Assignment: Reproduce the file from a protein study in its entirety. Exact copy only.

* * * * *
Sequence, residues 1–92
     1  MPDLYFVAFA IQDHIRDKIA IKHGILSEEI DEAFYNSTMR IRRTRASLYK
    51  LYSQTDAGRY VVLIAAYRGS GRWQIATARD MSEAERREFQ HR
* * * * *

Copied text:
Sequence, residues 1–92
     1  MPDLYFVAFA IQDHIRDKIA IKHGILSEEI DEAFYNSTMR IRRTRASLYK
    51  LYSQTDAGRY VVLIAAYRGS GRWQIATARD MSEAERREFQ HR